I was going to title this post Liar, Liar Pants on Fire except I then realized I already had a post titled that. So that might be something to look into with a therapist.
A few weeks ago I celebrated the fact that my kids were growing up and how awesome it was and how I was ok with that. And I am. I guess. I mean I love the ages that my kids are at and the fact that there aren’t any more diapers to change or sleepless nights due to teething or inability to do anything without a chorus of “mommy, mommy, mommy!!”
But. BUT. Last week I dropped off Lily for her first ever overnight camp. Actually her first overnight anything outside of an occasional sleepover at Grandma’s house. It was just her and I driving the hour and a half to camp. We had some great talks, great unexpected adventures and great bonding on the way up. That was a gift in itself.
We got to camp and I surveyed the place my daughter would be for four days. The warmth in which her counselors greeted us put me at ease. Seeing her cabin decorated with tulle and Christmas tree lights and a princess theme was even better. Lily clinging to me as I turned to leave and asking me to stay just a little longer? Well I was so close to packing her back up in the car and making a run for it.
She wanted to be there. Ten seconds later she was settling into her bunk bed (BUNK BEDS!!) and chatting away with her new found cabin mates. And I was slowly walking up the hill and towards my car where I would drive away from my BABY for the next four days.
I missed her terribly. It felt like a limb was missing. I discovered one of my friends was the camp nurse and texted her and stalked her Facebook page. Suddenly I was the helicopter parent I despise and I didn’t care one. little. bit.
When we picked her up, there was a big final event and as the kids filed in I swore to my husband that she had grown up 4 years in those 4 days. She jumped in to my arms and wrapped her arms (and legs) around me and I knew that however hard it might have been for me (and maybe a little on her) this moving towards the next stage is important.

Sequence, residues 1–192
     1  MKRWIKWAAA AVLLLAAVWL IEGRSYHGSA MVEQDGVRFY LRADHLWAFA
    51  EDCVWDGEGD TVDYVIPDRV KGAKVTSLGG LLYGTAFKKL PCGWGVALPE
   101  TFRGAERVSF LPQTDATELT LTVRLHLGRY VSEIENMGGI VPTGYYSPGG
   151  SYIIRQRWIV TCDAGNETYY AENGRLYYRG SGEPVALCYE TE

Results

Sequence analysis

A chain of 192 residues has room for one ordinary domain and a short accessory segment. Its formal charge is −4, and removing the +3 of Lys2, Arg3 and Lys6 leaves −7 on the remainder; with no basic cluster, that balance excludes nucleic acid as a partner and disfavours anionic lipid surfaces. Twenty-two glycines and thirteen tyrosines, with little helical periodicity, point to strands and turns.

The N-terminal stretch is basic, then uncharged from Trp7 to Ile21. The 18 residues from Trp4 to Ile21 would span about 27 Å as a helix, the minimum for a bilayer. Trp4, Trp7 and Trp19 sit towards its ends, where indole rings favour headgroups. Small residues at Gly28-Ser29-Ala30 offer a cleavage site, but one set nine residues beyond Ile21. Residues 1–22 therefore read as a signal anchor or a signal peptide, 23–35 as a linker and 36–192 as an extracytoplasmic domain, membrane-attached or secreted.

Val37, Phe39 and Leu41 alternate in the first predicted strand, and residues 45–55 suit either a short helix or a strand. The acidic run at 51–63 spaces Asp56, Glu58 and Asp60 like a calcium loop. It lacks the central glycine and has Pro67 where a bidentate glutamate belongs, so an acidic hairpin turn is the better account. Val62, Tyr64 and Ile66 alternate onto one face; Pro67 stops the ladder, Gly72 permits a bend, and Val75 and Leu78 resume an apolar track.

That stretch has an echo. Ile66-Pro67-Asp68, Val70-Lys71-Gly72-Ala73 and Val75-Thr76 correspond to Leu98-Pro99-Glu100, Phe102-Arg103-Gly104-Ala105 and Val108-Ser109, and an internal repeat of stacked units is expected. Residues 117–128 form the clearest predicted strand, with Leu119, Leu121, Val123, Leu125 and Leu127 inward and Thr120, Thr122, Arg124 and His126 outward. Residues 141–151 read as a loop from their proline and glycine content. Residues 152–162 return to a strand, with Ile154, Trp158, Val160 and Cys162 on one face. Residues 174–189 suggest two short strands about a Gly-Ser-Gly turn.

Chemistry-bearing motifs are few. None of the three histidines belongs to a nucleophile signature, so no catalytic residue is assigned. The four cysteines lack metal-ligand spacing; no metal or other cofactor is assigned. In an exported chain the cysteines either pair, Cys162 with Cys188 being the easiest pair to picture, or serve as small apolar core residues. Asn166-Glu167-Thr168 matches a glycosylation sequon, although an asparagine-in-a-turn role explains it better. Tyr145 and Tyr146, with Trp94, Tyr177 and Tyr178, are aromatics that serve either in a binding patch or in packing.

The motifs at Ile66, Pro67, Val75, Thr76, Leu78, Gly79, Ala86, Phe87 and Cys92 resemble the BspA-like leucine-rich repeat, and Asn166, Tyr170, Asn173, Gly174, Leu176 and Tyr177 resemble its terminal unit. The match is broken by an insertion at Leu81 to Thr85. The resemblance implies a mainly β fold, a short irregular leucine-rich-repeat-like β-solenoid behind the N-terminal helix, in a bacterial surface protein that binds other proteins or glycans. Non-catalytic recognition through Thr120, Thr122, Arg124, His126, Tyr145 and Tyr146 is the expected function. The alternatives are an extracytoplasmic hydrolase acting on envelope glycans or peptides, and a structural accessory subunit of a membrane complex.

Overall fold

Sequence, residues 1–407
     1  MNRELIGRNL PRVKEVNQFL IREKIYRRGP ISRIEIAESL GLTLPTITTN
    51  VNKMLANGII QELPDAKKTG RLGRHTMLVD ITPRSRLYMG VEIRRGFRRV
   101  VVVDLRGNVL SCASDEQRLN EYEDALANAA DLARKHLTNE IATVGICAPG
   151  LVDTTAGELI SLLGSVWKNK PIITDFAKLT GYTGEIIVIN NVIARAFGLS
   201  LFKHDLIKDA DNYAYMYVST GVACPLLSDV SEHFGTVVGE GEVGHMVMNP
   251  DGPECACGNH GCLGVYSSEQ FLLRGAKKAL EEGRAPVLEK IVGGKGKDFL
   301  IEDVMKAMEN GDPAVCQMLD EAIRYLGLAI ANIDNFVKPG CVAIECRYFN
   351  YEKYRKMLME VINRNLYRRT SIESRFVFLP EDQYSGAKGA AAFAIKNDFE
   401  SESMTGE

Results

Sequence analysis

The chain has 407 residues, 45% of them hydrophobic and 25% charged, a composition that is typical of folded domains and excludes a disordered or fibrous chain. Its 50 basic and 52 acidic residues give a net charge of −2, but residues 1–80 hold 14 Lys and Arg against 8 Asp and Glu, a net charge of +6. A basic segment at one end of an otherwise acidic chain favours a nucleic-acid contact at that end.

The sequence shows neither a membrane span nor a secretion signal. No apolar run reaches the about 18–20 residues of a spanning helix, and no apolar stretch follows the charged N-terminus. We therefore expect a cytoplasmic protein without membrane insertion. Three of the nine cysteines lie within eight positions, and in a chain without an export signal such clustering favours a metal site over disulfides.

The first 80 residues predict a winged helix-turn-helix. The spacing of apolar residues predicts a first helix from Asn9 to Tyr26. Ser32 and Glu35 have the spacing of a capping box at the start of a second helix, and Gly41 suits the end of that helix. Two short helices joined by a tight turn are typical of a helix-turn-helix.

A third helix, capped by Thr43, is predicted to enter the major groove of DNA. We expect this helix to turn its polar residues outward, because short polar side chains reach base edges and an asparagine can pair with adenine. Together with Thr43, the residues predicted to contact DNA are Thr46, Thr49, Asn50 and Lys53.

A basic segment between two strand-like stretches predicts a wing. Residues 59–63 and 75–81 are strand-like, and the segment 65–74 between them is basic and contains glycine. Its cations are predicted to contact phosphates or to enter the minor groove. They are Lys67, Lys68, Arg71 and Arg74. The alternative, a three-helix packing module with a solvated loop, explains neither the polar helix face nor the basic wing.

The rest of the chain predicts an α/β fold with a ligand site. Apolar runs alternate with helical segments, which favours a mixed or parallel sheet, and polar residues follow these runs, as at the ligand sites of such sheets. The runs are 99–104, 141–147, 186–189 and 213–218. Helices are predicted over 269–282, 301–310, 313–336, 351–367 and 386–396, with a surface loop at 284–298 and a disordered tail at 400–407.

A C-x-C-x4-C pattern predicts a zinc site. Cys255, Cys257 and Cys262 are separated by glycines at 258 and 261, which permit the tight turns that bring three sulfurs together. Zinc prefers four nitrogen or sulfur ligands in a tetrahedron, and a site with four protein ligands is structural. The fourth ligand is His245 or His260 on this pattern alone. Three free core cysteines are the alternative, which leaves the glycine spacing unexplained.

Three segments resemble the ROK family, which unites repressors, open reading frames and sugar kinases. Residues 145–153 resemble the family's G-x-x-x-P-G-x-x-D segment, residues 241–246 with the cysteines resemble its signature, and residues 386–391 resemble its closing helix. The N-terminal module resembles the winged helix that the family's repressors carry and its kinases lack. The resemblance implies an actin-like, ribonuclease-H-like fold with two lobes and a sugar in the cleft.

I went to see Brave last week (disclosure: I was given free tickets. I loved the movie but am not going to give a full review, nor was I asked to. For a great review check out Impress Your Kids) and took Lily with me. I reached for her hand a million times during the movie. Thrilled that she would still hold my hand without and ounce of embarrassment.
My heart hurt during the scenes between the mother and daughter. Missing each other along the way. Misunderstanding one’s need for freedom and another’s need to hold on tight and help her daughter be exactly who the mom thought she should be. In my humble opinion it is an amazing conversation starter for moms and their older daughters (it is rather scary for younger kids in my humble opinion).
I am in the sweet spot of parenthood with her right now. She is old enough to do a lot of things herself. But she still needs me in all the cool ways. She wants to be around me and aside from an occasional eye roll, seems to think I am pretty cool.
As she gets older and all my kids get older I realize more and more that I have two choices as their mother. I can hold them with a tight fist. Or I can hold them with an open hand (and I realize it isn’t black and white like that but roll with me). My fingers aren’t easy to pry open. But I am trying. And I am loving the kids my kids are becoming. Despite myself.